Orange Benefits for Diabetes Patients

The sweet and tangy flavour of oranges provides a refreshing punch and plenty of nutrition. In addition, people with diabetes can lower their risk of chronic illness by including oranges in their diets.

Some of the specific benefits of oranges for those with diabetes include the following.

  • No threats for blood sugar levels to spike with low GI
  • Limited cravings and more extended periods of feeling full by a high content of fibre
  • Less sugar for keeping weight gain in check
  • Rich with antioxidants for enhancing insulin production and lowering insulin resistance
  • Packed with vitamins to keep diseases associated with diabetes at bay
  • Immunity booster with loaded vitamin C levels

The HealthifyMe Note

A diabetic should opt for whole oranges instead of orange juice. Because of their low glycemic index, (GI), fibre content, and other minerals, whole oranges may help keep your blood sugar levels stable. While orange juice has a high GI and lacks fibre, it should be consumed with precaution.


If you have a sweet tooth and suffer from diabetes, oranges are the perfect solution. With only a few calories, this juicy fruit is packed with nutrients, such as vitamin C, and its fibre content helps to keep you full and your blood glucose levels stable.

Moreover, eating one or two oranges daily between meals can satisfy your sweet cravings while keeping your weight in check. So the next time you look for a delicious and healthy snack, reach for an orange!

Disclaimer: The purpose of this article is just to disperse knowledge and raise awareness. It does not intend to replace medical advice from professionals. For further information please contact our certified nutritionists Here

Frequently Asked Questions (FAQs)

Q. Do oranges raise your blood sugar?

A: Oranges have a low GI, which means it slowly raises blood sugar levels, avoiding sugar spikes. The citrus fruit, when consumed in moderation, is perfectly healthy for diabetics.

Q. How many oranges can a diabetic eat per day?

A: If you have diabetes and want to add oranges to your diet, it’s best to speak with a healthcare professional. Factors such as age, gender, weight, physical activity level, and overall health will play a part in deciding the same. Furthermore, your blood sugar levels, medications, and other factors that affect blood sugar control will affect how many oranges you can safely eat daily. Your healthcare professional can help you decide on an appropriate serving size and provide other tips to help you manage your diabetes.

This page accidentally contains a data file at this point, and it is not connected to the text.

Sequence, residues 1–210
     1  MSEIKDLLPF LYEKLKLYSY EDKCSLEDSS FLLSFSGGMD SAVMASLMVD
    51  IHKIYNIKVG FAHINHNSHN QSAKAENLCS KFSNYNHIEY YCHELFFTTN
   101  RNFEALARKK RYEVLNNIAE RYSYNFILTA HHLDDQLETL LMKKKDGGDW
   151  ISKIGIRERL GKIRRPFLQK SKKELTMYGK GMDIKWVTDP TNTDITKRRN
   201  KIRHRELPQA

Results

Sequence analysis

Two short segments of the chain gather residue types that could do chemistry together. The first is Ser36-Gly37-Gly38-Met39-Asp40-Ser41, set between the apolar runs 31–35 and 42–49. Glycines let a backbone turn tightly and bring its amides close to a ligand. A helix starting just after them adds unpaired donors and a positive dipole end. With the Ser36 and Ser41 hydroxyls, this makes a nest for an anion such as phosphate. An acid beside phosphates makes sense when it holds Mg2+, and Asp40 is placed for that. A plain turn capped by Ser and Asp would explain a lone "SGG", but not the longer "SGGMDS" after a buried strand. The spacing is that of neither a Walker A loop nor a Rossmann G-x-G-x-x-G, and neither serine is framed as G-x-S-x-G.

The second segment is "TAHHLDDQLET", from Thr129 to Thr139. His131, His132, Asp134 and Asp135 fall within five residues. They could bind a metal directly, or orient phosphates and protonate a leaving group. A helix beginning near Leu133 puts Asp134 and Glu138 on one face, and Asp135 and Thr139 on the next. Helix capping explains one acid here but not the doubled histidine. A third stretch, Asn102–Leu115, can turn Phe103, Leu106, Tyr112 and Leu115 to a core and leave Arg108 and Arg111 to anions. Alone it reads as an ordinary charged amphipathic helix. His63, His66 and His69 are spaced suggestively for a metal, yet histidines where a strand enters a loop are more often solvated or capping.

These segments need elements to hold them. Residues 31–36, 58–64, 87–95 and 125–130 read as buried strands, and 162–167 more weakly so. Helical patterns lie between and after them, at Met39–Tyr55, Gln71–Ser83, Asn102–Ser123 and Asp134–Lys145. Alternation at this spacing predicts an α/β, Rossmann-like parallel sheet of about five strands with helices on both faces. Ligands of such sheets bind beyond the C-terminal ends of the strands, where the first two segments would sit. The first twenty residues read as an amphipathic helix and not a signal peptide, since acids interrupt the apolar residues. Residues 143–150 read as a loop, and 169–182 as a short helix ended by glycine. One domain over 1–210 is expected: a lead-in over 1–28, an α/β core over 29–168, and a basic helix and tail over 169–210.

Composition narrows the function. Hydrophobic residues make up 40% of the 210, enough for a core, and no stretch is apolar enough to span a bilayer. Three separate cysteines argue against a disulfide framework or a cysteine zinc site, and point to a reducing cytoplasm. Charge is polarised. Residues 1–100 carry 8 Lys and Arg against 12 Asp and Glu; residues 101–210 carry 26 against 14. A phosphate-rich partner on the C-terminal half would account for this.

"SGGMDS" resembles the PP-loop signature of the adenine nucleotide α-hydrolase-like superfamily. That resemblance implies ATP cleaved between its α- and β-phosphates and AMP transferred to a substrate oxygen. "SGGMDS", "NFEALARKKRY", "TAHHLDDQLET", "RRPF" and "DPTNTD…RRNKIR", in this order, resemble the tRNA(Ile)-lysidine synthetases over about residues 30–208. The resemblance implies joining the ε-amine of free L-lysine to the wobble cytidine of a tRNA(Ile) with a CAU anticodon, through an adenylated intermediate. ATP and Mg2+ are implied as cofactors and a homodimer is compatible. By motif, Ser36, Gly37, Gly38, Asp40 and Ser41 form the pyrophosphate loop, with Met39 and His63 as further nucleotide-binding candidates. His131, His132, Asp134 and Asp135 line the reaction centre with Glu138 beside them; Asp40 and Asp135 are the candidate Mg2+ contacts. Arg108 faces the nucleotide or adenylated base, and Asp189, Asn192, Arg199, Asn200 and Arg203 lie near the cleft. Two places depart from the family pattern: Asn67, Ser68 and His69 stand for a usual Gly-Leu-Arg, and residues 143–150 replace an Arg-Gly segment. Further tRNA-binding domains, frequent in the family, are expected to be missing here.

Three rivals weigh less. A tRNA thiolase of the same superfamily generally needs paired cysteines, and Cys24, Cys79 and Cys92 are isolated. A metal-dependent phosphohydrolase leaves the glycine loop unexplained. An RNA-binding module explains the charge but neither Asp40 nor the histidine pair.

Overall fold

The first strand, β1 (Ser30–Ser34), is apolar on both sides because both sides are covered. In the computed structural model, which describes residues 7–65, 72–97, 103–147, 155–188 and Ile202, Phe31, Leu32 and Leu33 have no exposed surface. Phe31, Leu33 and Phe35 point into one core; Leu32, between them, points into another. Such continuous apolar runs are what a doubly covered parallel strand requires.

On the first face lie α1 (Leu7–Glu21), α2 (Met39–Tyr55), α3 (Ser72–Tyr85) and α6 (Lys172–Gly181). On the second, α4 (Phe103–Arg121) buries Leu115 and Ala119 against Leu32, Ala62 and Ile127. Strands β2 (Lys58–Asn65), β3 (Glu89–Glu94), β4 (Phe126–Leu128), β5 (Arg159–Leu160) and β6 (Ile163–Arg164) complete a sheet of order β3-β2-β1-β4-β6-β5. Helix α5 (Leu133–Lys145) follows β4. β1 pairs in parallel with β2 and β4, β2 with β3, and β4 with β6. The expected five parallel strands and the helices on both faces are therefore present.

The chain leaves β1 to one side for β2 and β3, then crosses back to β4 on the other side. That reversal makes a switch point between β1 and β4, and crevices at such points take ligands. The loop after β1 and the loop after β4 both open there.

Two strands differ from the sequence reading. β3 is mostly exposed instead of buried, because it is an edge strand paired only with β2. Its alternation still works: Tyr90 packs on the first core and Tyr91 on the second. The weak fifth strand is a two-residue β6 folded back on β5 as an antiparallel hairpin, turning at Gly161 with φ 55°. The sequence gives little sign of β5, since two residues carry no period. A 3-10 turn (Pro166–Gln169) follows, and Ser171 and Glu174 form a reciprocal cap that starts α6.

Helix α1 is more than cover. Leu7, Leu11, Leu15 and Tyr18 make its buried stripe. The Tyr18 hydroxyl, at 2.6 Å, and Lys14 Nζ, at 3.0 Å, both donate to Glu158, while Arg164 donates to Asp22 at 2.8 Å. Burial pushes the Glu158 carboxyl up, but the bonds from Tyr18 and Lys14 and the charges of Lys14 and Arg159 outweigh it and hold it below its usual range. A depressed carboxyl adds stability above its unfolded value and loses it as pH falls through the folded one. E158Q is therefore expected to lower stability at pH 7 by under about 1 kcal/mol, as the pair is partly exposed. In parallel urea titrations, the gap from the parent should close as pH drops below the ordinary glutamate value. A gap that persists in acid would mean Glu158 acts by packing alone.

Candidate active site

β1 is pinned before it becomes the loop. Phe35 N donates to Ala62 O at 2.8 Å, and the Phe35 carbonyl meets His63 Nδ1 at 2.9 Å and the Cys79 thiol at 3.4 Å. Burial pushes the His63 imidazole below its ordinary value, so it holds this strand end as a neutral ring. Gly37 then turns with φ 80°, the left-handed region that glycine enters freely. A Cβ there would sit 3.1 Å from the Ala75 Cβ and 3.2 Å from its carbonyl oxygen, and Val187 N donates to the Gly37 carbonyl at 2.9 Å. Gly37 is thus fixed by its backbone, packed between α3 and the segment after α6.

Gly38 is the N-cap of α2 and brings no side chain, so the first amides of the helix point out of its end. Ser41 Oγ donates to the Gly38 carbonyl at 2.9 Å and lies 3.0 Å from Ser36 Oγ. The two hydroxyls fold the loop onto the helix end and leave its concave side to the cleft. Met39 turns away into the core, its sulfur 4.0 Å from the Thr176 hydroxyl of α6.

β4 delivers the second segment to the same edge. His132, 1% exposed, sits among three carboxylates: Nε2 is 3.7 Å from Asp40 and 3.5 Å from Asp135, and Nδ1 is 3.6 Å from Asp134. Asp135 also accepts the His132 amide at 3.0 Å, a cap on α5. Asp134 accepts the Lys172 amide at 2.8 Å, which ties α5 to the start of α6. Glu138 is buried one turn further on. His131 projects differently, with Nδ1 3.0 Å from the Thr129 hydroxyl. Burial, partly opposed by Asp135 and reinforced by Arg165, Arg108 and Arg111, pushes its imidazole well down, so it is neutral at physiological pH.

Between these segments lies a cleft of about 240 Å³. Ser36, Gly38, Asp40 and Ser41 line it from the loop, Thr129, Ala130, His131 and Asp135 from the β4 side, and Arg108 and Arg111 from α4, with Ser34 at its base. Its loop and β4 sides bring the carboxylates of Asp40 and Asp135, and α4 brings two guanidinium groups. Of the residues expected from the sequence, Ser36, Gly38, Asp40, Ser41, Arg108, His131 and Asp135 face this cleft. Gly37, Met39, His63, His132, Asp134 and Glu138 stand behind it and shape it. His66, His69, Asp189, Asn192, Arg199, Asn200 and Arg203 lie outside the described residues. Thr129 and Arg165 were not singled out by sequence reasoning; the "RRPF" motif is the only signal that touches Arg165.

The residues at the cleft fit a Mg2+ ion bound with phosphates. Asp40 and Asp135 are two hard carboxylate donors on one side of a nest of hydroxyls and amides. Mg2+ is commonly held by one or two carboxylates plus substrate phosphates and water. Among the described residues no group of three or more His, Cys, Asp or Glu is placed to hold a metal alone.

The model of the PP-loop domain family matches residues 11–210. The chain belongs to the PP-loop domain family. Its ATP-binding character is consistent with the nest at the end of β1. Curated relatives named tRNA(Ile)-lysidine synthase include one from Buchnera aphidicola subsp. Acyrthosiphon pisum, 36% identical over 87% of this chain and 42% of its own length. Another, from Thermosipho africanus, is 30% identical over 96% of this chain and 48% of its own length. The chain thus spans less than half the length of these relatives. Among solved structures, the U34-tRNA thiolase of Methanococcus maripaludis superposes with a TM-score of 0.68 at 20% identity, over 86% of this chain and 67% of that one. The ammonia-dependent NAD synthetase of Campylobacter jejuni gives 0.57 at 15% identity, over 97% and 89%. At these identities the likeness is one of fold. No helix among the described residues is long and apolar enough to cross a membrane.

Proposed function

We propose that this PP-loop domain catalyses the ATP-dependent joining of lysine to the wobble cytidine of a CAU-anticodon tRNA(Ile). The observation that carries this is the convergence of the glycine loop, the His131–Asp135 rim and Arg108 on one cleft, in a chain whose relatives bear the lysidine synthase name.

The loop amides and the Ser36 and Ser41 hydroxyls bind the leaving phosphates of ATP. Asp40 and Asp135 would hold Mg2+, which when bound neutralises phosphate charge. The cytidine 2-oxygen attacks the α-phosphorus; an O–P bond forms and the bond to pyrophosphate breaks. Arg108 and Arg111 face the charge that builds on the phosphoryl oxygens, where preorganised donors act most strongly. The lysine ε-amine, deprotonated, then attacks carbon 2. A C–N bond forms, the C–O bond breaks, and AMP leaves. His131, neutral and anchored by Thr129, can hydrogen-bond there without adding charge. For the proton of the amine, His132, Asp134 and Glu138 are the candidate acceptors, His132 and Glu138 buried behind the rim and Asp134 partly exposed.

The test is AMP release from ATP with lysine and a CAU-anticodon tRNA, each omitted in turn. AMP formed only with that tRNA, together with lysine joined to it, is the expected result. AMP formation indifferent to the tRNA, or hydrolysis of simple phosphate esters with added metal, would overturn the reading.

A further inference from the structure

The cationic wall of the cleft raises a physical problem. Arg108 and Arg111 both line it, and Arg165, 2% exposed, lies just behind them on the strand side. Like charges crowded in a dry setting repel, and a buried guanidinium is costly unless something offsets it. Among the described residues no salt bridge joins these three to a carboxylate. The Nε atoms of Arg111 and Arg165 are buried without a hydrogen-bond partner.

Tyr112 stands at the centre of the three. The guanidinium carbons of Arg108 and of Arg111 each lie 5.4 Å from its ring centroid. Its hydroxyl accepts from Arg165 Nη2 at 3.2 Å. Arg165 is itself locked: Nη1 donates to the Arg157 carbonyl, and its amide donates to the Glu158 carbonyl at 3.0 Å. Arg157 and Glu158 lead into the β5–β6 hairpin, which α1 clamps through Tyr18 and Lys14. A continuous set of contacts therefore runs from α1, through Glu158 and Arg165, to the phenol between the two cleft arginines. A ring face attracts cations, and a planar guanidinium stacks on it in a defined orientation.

Q. Can a diabetic eat 2 oranges a day?

A: A person with diabetes can eat two oranges daily, but the effect on blood sugar levels will depend on various factors, including age, gender, weight, physical activity level, and overall health. It will also depend on the individual’s blood sugar levels, medications, and other factors affecting blood sugar control. Hence, it is best to consult a nutritionist to determine the permissible quantity.

Q. Do oranges lower blood sugar?

A: In some instances, oranges may be beneficial for lowering blood sugar levels. Factors that determine the effect on blood sugar include age, gender, weight, physical activity level, and overall health of the individual. Other factors are their current blood sugar levels, medications, and other factors that can influence glucose control. Although oranges contain carbohydrates which can raise blood sugar, they also contain fibre which can moderate the effect on blood sugar by slowing glucose absorption into the bloodstream.

Q. What are the benefits of eating orange for diabetes?

A: Oranges offer various benefits for individuals with diabetes. They are a good source of fiber, vitamin C, and folate. The fiber helps with blood sugar control, while vitamin C supports immune function. Folate can help regulate insulin production. 

The Research Sources

1. The U S Department of Agriculture


2. Glycemic Index was written by Jacqueline Redmer, MD, MPH, and updated by Vincent Minichiello, MD (2014, updated 2020). In addition, sections were adapted from Index & Glycemic Load written by David Rakel, MD, for the University of Wisconsin Integrative Health website.


3. Romero-Lopez MR, Osorio-Diaz P, Bello-Perez LA, Tovar J, Bernardino-Nicanor A. Fiber concentrate from orange (Citrus sinensis L.) bagasse: characterisation and application as a bakery product ingredient. Int J Mol Sci. 2011;12(4):2174-86. doi: 10.3390/ijms12042174. Epub 2011 Mar 29. PMID: 21731434; PMCID: PMC3127110.


4. Shi L, Du X, Guo P, Huang L, Qi P, Gong Q. Ascorbic acid supplementation in type 2 diabetes mellitus: A systematic review and meta-analysis protocol. Medicine (Baltimore). 2020 Nov 6;99(45):e23125. Doi: 10.1097/MD.0000000000023125. PMID: 33157992; PMCID: PMC7647560.


5. Zhao JV, Schooling CM, Zhao JX. The effects of folate supplementation on glucose metabolism and risk of type 2 diabetes: a systematic review and meta-analysis of randomised controlled trials. Ann Epidemiol. 2018 Apr;28(4):249-257.e1. doi: 10.1016/j.annepidem.2018.02.001. Epub 2018 Feb 10. PMID: 29501221.


About the Author

Mehak holds masters in foods and nutrition from Amity university, Noida. She has a keen interest in public health and nutrition and has been in charge of various projects with milestone NGO. She has worked with people over the globe to bring out the changes in their lives and has always been working towards lifestyle modifications via good dietary practices. According to her a healthy lifestyle is not about the destination but all about the journey.